You may be working out more which is great, but an increase in intensity and frequency also comes with an increase of tightness. This is especially true for runners who can experience runner's tightness, or a tension in the front hip flexor muscles. But did you know you can experience the same type of tightness from inactivity as well? This includes casual exercises or people who simply sit at a desk all day. If you're ready to reset your body and loosen up, try these best stretches to get rid of tightness.
Yes - some of these are yoga stretches. To begin downward dog, start in a high plank position. Then, tuck your toes underneath your feet and push your body upwards, lifting your hips up and back toward the ceiling and lowering your head between the shoulders. Your body should basically form a triangle with the mat. Hold this position for 30 seconds, and you'll instantly feel relief in your hamstrings, calves, and glutes.
Now, move onto your next dog position. To do upward dog, lie face-down on a mat with your palms placed firmly on the ground at about waist-level. You want to keep your shoulders directly over your wrists, your chest forward, and the tops of your feet flat on the ground. When you're ready, push your body up until your torso and legs are hovering a few inches above the floor. Hold this pose for 30 seconds as well, then lower your body to the floor.
This pose is similar to downward dog, however it puts let stress on your wrists. Begin on all fours with your knees placed beneath your hips and your elbows placed beneath your shoulders. Then, curl your toes underneath your feet and push your hips up toward the ceiling, lowering your head between your shoulders. You should essentially be in downward dog, except your forearms are on the floor. Hold for 30 seconds and then lower your knees to rest.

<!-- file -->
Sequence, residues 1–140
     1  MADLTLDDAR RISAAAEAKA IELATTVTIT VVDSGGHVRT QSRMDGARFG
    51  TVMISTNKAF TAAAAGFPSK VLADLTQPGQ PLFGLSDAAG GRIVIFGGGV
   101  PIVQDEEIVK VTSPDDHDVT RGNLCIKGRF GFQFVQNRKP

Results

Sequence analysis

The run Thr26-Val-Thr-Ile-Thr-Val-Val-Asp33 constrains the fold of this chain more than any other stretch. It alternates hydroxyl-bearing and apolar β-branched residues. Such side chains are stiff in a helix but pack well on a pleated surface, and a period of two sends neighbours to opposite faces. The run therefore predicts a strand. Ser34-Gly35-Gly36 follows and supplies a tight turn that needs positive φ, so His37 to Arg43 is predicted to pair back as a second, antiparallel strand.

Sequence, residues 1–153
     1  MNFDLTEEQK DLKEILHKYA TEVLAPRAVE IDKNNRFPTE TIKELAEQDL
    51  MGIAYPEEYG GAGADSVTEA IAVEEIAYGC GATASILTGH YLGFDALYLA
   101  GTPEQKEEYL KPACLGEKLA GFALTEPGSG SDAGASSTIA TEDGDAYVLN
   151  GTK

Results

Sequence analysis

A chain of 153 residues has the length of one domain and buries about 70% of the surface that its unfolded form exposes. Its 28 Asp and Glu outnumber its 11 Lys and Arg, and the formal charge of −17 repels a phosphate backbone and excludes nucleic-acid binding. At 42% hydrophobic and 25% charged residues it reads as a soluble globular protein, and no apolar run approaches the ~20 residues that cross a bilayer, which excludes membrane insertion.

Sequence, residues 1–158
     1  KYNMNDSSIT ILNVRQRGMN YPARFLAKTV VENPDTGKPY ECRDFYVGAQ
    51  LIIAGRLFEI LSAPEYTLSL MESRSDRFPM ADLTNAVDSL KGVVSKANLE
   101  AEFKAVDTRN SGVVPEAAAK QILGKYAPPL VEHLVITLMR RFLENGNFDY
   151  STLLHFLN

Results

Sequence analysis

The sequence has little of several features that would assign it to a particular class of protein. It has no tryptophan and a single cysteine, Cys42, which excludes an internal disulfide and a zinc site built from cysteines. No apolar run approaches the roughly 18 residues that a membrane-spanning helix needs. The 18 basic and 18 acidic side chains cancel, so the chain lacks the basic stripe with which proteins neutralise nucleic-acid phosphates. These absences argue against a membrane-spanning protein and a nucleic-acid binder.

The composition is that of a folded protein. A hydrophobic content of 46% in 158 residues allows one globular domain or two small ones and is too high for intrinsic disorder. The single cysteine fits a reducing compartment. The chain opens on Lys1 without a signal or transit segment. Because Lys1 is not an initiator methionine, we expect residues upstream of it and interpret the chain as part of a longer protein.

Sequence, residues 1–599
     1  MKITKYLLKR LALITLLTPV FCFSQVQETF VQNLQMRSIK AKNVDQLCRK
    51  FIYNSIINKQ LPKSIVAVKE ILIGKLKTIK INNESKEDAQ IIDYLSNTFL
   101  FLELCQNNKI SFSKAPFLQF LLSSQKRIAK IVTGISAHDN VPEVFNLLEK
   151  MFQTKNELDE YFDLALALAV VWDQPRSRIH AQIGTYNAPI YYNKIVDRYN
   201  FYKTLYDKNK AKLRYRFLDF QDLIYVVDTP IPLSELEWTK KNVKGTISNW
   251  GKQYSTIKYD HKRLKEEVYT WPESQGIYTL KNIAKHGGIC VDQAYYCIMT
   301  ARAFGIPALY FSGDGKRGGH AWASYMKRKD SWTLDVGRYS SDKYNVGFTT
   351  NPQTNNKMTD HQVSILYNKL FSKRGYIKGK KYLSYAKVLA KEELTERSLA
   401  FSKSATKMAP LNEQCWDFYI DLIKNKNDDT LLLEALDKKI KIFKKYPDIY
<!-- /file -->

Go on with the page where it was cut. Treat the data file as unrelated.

One of the best stretches to get rid of tightness on your whole lower body is a forward fold. Start in a standing position with your feet together and your hands on your hips. Take a deep breath in, then bend forward at the hip as your exhale. Keep folding until your fingertips touch the mat and your head is in front of your knees. If you don’t have that mobility, or your hamstrings are too tight to go that far, simply bring your hands to your shins, your calves, or to the backs of your knees. Hold for 30, then return to the starting position by taking another deep breath in and lifting your torso until you’re standing upright again.
The last stretch is your classic lunge. Begin from a standing position, bending forward and touching the mat with both hands, much like the forward fold. Then, take a large step back with the ball of your right foot, keeping your heel off the ground. If you're having trouble balancing or your muscles or too tight, you can rest your back knee on the mat. Next, lower your body so your left knee is above your ankle, forming a 90-degree angle with the mat. Your torso should be parallel with your left thigh if you're doing this correctly. Again, hold for 30 seconds, then return your right foot to the starting position and repeat with the left leg.